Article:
• Despite an existing agreement with BMW to share electric drive technology, JLR said that their next generation motors would be “JLR designed and engineered”, implying that the relationship may have been scaled back. (JLR)
  • Jaguar is aiming for only a small slice of JLR’s total volume, indicating a dramatically slimmer line-up from today, possibly only two to three cars. JLR’s volume projections (page 31) shows an indicative volume of only around 10% – 15% of total company sales by 2030. (JLR).
  • JLR is explicitly looking to increase collaboration with companies outside Tata in products, as well as data and services, aiming to create a vehicle architecture ecosystem. By 2027, the company expects capacity utilisation to be above 100% (as measured by 2 shift operating). This will mostly be accomplished by reducing production as increased overall sales are anticipated to be relatively modest, up around 10% – 15% from current levels, some of which will be industry recovery. By the end of 2021, JLR expects its breakeven points to be between 400,000 – 450,000 units annually, a level which it expects to maintain into the future. Despite the push into electric vehicles and the creation of new platforms, JLR says it can bring investment in new products and plants down (page 51). The end result is a targeted 10% EBIT margin by 2026. (JLR)
    • Significance: Whilst 10% EBIT margin is an ambitious target compared with rivals, it is probably the minimum return necessary to justify JLR’s continued independence. The question is therefore what will happen to the company if by mid-decade it has failed to realise its objectives.

Tesla (history)

  • CEO Musk told employees that demand for refreshed Model S and Model X was so high that the company would put on a second shift and increase production capacity. (Electrek)
  • Musk said on Twitter that Tesla was changing the chemistry of the batteries used in entry level cars to use less nickel and conserve resources. (Electrek)
  • Tesla apparently isn’t immune to chip shortages and has planned downtime for the Model 3. (Business Insider)

Toyota (history)

  • Toyota has developed a near plug-and-play fuel cell system that it hopes to sell to manufacturers of low volume commercial vehicles, trains and boats. (Toyota)

VW Group (history)

  • Reported preliminary financial results for 2020. Revenue of €223 billion fell (12)% on a year-over-year basis, less than a sales volumes drop of (16)%. Operating profit of €10.6 billion (excluding diesel costs) was (45)% lower than prior year. (VW)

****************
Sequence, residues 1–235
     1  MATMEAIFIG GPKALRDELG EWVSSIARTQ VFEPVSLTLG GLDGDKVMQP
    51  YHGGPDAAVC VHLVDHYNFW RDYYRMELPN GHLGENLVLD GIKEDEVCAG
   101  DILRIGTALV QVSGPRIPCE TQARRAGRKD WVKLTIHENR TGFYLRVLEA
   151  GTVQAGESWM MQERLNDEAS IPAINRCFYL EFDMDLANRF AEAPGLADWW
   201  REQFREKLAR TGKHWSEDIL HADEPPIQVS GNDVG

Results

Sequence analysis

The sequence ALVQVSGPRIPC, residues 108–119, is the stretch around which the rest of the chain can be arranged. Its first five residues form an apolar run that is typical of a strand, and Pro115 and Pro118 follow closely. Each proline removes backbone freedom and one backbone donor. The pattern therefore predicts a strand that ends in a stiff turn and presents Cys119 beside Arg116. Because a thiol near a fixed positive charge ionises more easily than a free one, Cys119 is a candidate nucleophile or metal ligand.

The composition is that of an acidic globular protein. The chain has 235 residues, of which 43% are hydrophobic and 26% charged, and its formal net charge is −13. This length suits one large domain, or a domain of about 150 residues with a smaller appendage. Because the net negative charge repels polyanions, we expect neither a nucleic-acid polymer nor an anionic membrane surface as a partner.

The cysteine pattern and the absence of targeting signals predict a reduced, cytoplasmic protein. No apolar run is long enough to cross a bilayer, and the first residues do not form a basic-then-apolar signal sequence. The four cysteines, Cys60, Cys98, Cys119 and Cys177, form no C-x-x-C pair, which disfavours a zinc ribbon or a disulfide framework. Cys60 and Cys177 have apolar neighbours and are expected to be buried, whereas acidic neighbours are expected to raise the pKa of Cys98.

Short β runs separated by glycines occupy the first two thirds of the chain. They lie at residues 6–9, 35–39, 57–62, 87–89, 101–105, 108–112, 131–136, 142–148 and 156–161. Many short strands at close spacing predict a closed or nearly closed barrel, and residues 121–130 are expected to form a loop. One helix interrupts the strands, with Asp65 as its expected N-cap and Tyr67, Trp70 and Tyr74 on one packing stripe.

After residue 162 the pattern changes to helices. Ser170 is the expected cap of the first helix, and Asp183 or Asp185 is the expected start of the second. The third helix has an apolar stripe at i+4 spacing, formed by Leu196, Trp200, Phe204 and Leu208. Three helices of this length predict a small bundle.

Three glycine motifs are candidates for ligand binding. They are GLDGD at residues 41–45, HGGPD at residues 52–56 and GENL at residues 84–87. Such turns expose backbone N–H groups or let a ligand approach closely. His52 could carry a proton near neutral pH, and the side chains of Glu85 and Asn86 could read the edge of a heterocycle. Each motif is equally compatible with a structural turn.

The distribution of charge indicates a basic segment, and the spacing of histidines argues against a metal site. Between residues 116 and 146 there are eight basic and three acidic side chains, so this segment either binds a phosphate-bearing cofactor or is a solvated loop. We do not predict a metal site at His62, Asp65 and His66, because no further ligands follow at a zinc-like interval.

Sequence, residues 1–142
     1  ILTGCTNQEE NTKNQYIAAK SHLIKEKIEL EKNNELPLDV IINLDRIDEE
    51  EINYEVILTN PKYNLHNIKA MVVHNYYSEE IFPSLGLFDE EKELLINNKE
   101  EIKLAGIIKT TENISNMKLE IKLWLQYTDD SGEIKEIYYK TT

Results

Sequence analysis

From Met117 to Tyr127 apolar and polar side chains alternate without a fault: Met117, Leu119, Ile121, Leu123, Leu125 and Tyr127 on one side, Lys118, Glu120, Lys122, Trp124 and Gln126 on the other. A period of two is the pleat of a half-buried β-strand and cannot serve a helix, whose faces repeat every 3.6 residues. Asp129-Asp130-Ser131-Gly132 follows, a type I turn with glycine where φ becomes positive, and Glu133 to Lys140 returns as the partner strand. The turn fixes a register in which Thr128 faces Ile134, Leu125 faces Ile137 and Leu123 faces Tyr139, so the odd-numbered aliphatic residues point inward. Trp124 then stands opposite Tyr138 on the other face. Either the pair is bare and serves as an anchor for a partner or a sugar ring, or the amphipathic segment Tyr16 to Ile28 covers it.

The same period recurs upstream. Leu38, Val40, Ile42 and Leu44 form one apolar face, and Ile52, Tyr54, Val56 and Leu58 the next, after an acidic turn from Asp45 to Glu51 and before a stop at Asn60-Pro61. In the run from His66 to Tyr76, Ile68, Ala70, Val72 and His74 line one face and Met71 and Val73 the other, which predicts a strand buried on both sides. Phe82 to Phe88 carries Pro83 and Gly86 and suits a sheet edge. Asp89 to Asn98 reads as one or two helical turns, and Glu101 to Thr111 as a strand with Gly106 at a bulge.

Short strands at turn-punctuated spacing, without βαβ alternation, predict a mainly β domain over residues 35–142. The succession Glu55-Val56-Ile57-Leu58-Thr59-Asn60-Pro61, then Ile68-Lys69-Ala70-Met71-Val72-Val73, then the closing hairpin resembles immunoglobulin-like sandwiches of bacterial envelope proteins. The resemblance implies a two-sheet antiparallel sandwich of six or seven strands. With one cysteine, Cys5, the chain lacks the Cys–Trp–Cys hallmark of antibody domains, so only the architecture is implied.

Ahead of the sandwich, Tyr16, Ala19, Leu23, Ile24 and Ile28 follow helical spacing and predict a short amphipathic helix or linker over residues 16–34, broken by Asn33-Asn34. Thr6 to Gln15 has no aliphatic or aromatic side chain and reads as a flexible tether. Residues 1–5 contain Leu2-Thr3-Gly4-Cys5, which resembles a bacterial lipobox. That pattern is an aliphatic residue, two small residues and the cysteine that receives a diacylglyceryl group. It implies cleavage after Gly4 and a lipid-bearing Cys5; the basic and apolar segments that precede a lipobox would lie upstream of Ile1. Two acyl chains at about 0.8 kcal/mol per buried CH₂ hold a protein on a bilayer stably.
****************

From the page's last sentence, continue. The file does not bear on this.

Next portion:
• Real Madrid players posed with a fleet of new Audis that the brand was handing over as a part of a marketing exercise, presumably before handing them over to their nannies (unless you believe Zinedine Zidane drives a diesel estate car). (Audi)
  • Porsche will reportedly participate in a new funding round for Rimac with Bugatti being included as a sweetener to take Porsche’s share to almost 50%. (Reuters)
  • Hopes to put autonomous delivery vehicles on the road in 2025, based on the ID Buzz minibus. (VW)


  • Lucid announced a deal to go public in a $24 billion mega merger with a special purpose vehicle. (Lucid) CEO Rawlinson says six rival automakers have recently asked about sharing technology. (Reuters)
  • Aston Martin reported 2020 financial results. Wholesale volumes of 3,394 cars dropped (42)% from 2019 (retails were down (32)%), and revenue of £612 million dropped (38)%. The operating loss was £(323) million and free cash flow was £(539) million. Executives promised that 2021 financial performance would be much improved as a turnaround plan comprising cost reductions, organisational efficiency and reductions in dealer stocks take hold. (Aston Martin) In the earnings call, CEO Moers said Aston Martin will have electrified 90% of the portfolio by 2030 and that he is working an additional, unspecified, derivative of the Valkyrie hypercar. (Seeking Alpha) Aston Martin also announced a debt issue to raise £76 million. (Aston Martin)
  • Fisker reported financial results for 2020 and announced an agreement with Foxconn for its second vehicle. Unsurprisingly, the company reported a loss since it has no revenue. In 2021 Fisker says its rate of development spending will increase by around 10 times from 2020 levels (and about 3-4 times from Q4 run rates). The new product will be built in Foxconn’s facilities and Fisker thinks it can sell 250,000 per year. By confirming that this will be Fisker’s second product, the brand implied that the Emotion sports car (which had been scheduled for an earlier release date) is either deferred or cancelled. (Fisker)